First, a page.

New ABSs critical of application process
The Solicitors Regulation Authority has too few resources to handle the licensing of alternative business structures (ABSs) and should ‘triple in size or work 24 hours a day,’ the senior partner of one of the four firms licensed this week told the Gazette.
The four new ABSs are two-partner Lancashire firm Mulderrigs; four-partner Manchester firm Amelans; 18-partner Swansea firm John Collins & Partners (JCP); and 40-partner City firm Winckworth Sherwood.
Mulderrigs managing director Paul Mulderrig said his firm had converted to an ABS to ‘protect the value of a family asset’ by enabling his wife to have an interest in the firm. He told the Gazette: ‘Until now, if I dropped dead, Mrs Mulderrig would have had to have a fire sale of the business that I’ve devoted 20 years to building.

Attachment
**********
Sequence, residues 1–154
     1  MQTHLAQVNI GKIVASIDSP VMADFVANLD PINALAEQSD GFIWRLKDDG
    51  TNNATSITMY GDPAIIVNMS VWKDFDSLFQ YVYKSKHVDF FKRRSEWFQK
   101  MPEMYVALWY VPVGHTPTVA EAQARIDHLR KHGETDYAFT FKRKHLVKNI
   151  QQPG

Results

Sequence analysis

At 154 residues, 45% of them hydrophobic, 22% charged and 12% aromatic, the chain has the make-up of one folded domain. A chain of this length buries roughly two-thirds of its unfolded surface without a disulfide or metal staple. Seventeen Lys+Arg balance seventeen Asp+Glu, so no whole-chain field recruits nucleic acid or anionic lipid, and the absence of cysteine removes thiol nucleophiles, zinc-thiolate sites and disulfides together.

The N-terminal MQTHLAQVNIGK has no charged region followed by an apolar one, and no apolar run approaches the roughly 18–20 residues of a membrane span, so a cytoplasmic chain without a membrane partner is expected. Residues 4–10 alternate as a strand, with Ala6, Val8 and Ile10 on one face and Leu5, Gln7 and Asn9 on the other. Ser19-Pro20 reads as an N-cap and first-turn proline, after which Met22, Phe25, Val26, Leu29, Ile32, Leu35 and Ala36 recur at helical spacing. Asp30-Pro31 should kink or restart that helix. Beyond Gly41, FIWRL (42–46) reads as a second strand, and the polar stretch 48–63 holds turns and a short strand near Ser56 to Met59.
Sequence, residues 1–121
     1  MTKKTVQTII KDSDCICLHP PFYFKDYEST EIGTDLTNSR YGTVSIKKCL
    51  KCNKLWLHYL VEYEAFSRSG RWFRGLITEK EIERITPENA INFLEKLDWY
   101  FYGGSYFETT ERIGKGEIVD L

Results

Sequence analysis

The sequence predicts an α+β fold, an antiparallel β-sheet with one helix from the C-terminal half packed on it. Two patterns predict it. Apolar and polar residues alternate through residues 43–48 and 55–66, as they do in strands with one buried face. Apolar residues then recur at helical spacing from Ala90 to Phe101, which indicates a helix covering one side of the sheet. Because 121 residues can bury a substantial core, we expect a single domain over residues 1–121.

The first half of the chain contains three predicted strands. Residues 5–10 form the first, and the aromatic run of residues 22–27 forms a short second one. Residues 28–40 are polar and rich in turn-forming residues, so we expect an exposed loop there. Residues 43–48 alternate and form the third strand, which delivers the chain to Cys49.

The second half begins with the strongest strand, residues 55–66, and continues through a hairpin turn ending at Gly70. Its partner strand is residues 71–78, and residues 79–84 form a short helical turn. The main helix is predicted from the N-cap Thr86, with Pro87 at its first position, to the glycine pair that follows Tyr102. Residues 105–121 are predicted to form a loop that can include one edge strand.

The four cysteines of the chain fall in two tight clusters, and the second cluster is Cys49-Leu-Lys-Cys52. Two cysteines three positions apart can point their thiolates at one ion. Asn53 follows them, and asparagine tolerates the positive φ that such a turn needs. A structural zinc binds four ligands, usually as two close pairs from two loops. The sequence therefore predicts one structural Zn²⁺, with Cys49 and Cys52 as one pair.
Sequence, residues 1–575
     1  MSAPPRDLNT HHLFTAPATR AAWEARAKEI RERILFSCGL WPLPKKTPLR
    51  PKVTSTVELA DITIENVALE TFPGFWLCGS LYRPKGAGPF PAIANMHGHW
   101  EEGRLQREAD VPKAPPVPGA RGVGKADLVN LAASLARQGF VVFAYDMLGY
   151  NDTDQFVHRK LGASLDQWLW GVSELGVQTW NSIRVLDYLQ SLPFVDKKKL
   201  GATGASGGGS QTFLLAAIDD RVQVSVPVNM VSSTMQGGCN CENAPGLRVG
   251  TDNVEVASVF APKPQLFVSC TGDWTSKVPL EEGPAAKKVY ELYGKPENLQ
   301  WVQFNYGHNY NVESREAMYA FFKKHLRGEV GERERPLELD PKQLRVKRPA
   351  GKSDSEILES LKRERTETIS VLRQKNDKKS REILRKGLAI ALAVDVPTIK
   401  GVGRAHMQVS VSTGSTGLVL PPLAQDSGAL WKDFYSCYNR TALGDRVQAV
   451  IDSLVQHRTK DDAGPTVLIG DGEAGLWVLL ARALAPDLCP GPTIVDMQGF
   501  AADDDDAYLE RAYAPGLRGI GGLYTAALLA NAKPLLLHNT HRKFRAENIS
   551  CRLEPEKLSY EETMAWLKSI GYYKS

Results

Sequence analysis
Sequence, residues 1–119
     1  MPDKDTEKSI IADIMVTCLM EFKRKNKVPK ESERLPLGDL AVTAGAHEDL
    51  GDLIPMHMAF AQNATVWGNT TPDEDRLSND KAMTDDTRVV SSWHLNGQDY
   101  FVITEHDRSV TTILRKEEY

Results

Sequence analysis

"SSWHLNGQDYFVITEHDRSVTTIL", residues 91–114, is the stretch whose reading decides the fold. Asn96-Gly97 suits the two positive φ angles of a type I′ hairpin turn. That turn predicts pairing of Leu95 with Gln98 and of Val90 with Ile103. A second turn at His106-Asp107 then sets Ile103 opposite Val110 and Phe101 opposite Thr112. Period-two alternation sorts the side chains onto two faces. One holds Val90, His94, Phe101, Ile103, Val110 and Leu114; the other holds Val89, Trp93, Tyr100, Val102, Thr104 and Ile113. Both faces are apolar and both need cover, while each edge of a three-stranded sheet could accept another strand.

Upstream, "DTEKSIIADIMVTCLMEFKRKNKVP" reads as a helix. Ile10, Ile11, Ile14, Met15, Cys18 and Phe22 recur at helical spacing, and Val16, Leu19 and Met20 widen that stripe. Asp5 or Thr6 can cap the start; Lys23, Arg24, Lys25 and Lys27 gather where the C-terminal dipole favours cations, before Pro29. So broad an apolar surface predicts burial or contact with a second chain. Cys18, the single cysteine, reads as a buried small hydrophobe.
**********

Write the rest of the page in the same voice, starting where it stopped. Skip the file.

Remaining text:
‘The ABS allows her to have an interest in the firm. It is a joint asset now – and that thought gives me peace of mind. I’m surprised more high street firms are not going down the ABS route.’
‘We are not actively seeking external funding, but if a hedge fund happens along and offers us a couple of billion, we’ll give it serious consideration.’
Amelans and JCP had both become legal disciplinary practices in order to make non-lawyers members equity partners, and are therefore required to convert to ABS status.
Amelans senior partner Andrew Twambley said: ‘Becoming an ABS has given us a whole new outlook on how we can go forward, using our ABS status as a springboard.’
Muderrig and Twambley criticised the application process. Mulderrig said the paperwork was a ‘disgrace’ but he praised the ‘thorough and helpful’ SRA staff.
Twambley complained about the ‘long drawn-out process’ and said: ‘People don’t realise how deeply the SRA goes into detail. We are a four-partner firm. What must the process be like for a complex, multi-tasking, multinational firm?
'The SRA needs more resources - it needs to triple in size or work 24 hours a day,’ he said.
Nobody was available for comment at Winckworth Sherwood.
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